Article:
In the hymn of praise just proclaimed
(Psalm 148:1-5), the Psalmist convokes all
creatures, calling them by name. Angels, the sun, moon,
stars, and skies appear on high; 22 creatures move on earth, as many as the
letters of the Hebrew alphabet, to indicate fullness and totality. The
faithful is like "the shepherd of the being," namely, the one who
leads all beings to God, inviting them to intone an "alleluia" of
praise. The Psalm introduces us into what seems a cosmic temple, which has the
heavens as apse and the regions of the world as naves, and in whose interior the
choir of creatures sings to God. This vision could be the representation both of
a lost paradise as well as that of the promised paradise. In fact, the horizon
of a heavenly universe, presented by Genesis (Chapter 2) at the very origins of
the world, is placed by Isaiah (Chapter 11), and the Apocalypse (Chapters 21-22)
at the end of history. Thus is seen the harmony of man with his fellow
creatures, with creation and with God, which is the plan willed by the Creator.
This plan was and is continually upset by human sin, which is inspired in an
alternative plan, portrayed in the Book of Genesis itself (Chapters 3-11), which
describes the affirmation of a progressive conflictual tension with God, with
one’s fellow men, and even with nature.
The contrast between the two plans emerges clearly in the vocation to which, according to the Bible, humanity is called and in the consequences caused by his infidelity to that call. The human creature receives a mission of government over creation to make all its potential shine. It is a delegation attributed by the divine King at the very origins of creation, when man and woman, who are the "image of God" (Genesis 1:27), received the order to be fruitful, to multiply, to fill the earth, to subjugate it, and have dominion over the fish of the sea, the birds of the sky, and over every living being that crawls on the earth (see Genesis 1:28). St. Gregory of Nyssa, one of the three great Cappadocian Fathers, commented: "God made man in such a way that he could develop his function as king of the earth. Man was created in the image of him who governs the universe. Everything reveals that from the beginning his nature is marked by royalty. He is the living image who participates in his dignity in the perfection of the divine model" ("De Hominis Opificio, 4: PG 44,136).
Yet, man’s lordship is not "absolute, but ministerial: it is a real reflection of the unique and infinite lordship of God. Hence man must exercise it with wisdom and love, sharing in the boundless wisdom and love of God" ("Evangelium Vitae," No. 52). In biblical language, "to name" creatures (see Genesis 2:19-20) is the sign of this mission of knowledge and transformation of created reality. It is not the mission of an absolute and uncensurable master, but of a minister of the Kingdom of God, called to continue the work of the Creator, a work of life and peace. His responsibility, defined in the Book of Wisdom, is to govern "the world in holiness and justice" (Wisdom 9:3).
However, if one looks at the regions of our planet, one realizes immediately that humanity has disappointed the divine expectation. Above all in our time, man has unhesitatingly devastated wooded plains and valleys, polluted the waters, deformed the earth’s habitat, made the air unbreathable, upset the hydrogeological and atmospheric systems, blighted green spaces, implemented uncontrolled forms of industrialization, humiliating -- to use an image of Dante Alighieri ("Paradiso," XXII, 151) -- the earth, that flower-bed that is our dwelling.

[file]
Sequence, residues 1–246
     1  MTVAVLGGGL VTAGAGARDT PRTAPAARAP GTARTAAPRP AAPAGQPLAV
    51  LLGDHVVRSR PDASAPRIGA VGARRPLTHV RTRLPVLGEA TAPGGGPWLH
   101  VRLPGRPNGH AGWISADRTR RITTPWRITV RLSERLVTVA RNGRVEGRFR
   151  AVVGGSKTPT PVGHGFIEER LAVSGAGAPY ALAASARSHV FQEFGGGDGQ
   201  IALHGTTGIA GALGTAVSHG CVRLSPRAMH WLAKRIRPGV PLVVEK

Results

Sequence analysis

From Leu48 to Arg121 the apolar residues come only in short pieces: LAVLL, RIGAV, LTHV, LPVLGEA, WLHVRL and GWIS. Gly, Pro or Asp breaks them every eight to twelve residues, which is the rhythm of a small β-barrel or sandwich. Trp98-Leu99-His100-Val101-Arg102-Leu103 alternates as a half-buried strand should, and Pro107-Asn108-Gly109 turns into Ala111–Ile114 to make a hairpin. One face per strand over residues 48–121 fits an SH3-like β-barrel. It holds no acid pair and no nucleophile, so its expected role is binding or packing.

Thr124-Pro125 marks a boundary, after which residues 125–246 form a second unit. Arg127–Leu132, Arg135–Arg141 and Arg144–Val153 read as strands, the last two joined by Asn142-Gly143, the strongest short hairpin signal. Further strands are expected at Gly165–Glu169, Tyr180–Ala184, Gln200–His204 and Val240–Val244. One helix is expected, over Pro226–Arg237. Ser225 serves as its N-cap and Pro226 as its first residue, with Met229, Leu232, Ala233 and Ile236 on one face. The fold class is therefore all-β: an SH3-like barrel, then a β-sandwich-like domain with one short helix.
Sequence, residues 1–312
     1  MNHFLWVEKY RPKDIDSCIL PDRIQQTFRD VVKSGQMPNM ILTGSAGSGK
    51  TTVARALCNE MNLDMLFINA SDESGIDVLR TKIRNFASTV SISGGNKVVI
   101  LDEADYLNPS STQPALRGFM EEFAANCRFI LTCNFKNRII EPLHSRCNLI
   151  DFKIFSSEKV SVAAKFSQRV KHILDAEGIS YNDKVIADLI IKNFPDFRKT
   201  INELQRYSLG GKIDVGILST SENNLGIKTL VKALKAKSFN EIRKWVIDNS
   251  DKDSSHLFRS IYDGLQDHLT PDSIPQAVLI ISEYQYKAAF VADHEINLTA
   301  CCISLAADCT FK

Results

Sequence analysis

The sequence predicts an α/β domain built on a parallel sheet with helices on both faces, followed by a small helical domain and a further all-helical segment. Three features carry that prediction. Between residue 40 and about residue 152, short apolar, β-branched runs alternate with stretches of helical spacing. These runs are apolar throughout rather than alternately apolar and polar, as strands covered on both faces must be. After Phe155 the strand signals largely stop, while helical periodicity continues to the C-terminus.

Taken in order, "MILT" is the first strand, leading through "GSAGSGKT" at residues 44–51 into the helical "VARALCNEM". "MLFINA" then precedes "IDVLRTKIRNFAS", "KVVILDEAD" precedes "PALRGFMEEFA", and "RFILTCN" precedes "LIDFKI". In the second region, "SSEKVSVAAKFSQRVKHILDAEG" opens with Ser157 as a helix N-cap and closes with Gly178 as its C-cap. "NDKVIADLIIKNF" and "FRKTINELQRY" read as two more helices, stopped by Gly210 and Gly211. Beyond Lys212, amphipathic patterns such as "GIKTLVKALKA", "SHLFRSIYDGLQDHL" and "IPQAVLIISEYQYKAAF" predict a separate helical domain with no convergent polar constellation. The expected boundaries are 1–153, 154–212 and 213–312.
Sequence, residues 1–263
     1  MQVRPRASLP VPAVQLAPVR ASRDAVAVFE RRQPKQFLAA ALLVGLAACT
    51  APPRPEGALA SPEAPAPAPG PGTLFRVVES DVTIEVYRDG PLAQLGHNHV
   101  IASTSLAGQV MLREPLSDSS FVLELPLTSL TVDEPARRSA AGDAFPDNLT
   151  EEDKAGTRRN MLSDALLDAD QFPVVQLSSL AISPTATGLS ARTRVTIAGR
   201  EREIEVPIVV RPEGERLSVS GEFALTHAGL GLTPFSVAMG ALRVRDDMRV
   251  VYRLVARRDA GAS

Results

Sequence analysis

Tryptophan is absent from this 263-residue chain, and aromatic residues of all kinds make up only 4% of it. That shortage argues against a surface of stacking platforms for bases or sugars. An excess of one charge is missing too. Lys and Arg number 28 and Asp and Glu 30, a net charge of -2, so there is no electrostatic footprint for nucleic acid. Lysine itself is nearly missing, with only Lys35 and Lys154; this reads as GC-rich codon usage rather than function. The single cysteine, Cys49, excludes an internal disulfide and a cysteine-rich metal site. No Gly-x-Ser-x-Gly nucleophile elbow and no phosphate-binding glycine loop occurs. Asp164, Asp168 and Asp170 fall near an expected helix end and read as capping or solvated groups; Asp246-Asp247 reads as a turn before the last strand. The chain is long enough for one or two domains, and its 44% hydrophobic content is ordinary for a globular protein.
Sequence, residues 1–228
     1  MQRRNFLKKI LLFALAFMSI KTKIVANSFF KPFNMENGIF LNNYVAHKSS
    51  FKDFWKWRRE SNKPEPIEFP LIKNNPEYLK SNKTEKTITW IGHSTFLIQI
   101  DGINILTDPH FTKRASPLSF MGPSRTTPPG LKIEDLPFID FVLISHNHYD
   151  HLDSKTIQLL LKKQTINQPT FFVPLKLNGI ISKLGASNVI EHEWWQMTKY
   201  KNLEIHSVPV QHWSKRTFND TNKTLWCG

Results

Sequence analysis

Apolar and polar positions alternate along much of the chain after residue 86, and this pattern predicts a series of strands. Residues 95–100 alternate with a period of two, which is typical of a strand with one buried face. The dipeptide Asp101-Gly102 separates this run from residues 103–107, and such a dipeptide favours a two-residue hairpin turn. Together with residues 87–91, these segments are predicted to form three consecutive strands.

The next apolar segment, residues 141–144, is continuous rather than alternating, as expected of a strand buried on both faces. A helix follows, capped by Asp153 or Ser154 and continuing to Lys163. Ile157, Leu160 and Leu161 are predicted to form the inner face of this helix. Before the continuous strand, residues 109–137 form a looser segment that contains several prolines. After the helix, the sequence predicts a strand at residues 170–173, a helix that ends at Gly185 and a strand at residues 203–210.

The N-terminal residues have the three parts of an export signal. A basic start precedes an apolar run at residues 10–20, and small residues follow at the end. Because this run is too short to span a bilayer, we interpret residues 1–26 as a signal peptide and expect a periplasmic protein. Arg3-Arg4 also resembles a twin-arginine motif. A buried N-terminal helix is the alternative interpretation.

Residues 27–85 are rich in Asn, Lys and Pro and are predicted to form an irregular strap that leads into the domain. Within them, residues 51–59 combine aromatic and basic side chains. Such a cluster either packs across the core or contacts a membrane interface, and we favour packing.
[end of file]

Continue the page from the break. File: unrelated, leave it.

It is necessary, therefore, to stimulate and sustain the "ecological conversion," which over these last decades has made humanity more sensitive when facing the catastrophe toward which it was moving. Man is no longer "minister" of the Creator. However, as an autonomous despot, he is understanding that he must finally stop before the abyss. "Another welcome sign is the growing attention being paid to the ’quality of life’ and to ’ecology’, especially in more developed societies, where people’s expectations are no longer concentrated so much on problems of survival as on the search for an overall improvement of living conditions" ("Evangelium Vitae," 27). Therefore, not only is a "physical" ecology at stake, attentive to safeguarding the habitat of different living beings, but also a "human" ecology that will render the life of creatures more dignified, protecting the radical good of life in all its manifestations and preparing an environment for future generations that is closer to the plan of the Creator.
In this newfound harmony with nature and with themselves, men and women will once again walk in the garden of creation, seeking to make the goods of the earth available to all and not just to the privileged few, exactly as the biblical Jubilee suggested (see Leviticus 25:8-13,23). In the midst of those wonders we discover the voice of the Creator, transmitted by heaven and earth, day and night: a language "without words whose sound is heard," capable of crossing all frontiers (see Psalm 19 :2-5).
The Book of Wisdom, echoed by Paul, celebrates this presence of God in the universe, recalling that "from the greatness and beauty of creatures, by analogy, the Creator is contemplated" (Wisdom 13:5; see Romans 1:20). This is what the Jewish tradition of the Hasidim also sings: "You are wherever I go! You are wherever I stop ... wherever I turn, wherever I admire, only You, again You, always You" (M. Buber, "I Racconti dei Chassidim," Milan 1979, p. 256).
~ Pope John Paul II, General Audience Address, January 17, 2001
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